And nobody’s nice in Hollywood. Not really.

Things went askew from there. With reshoots and personnel problems on The Morning Show, to fired show runners on a variety of others, to shows that were greenlit only to never actually move forward without any real reasons whatsoever, there consists an ongoing level of confusion for those working with the service and the people that run it behind the scenes. Running a studio is one thing, but running a direct-to-consumer service is another thing altogether. Having to work with engineers who are building a product, in an organization where engineers really are the Gods, is a tough mentality to be OK with, when you are a Hollywood Executive just trying to develop great programming and get it up and out.

It’s common that there are always growing pains in these kind of endeavors. Heck, every single new streaming service is having them. From HBO Max to Peacock to Disney Plus, every one of these companies is building a process and structure in a very complicated, problematic way. They’re marshaling various parts of their global organizations to execute said services, but all they’re really doing is setting themselves up for a re-do at some point in the near future due to the compartmentalization of the structure they’re currently operating within. But the one major difference between all of these companies and their streaming services and Apple TV+?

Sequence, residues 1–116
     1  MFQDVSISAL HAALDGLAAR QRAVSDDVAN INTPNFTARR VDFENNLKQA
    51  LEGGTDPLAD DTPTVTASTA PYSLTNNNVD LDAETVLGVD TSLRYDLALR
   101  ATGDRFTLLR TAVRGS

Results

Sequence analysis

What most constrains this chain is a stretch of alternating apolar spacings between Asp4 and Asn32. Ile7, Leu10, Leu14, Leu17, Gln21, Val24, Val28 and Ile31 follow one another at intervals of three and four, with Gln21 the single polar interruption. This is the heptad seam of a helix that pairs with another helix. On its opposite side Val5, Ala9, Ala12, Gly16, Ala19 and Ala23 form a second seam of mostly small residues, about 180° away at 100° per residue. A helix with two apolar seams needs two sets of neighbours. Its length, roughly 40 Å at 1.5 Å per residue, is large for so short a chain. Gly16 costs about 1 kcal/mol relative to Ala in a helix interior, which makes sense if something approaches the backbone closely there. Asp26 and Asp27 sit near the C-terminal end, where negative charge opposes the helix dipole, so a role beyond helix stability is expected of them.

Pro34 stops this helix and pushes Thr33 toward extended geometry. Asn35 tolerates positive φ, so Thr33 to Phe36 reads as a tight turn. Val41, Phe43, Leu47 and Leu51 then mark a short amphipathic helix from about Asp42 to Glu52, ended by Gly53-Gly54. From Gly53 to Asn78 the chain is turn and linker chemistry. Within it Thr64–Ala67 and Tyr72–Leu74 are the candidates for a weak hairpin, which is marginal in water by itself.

General happiness and work/life balance.

Yes, cry me a river. You’re telling us that people working for an entertainment company in Hollywood may not generally be happy with the experience? That their work and life balance isn’t to their desired happy quotient? Why not talk about places like Netflix, too, while you’re at it? Places where employees are encouraged to talk shit about their bosses and the people around them and snitch on them every chance they get. Why not talk about that?

Because that story has been told. But not this one.

Word on the street is that the teams of people working so hard to make Apple TV+ a success, are in actuality, not having so much success themselves behind the scenes. There’s confusion across the board, with people steering the ship who have never steered this kind of ship before. They’re trying to build a team of close to 1,000 people, which is akin to building a plane while it’s already in the air flying at 35,000 feet, while people on social media are criticizing said airplane, the way it flies, that it should be flying higher and that they wish they’d start serving up honey roasted peanuts when in fact, all they’re serving up, are pretzels.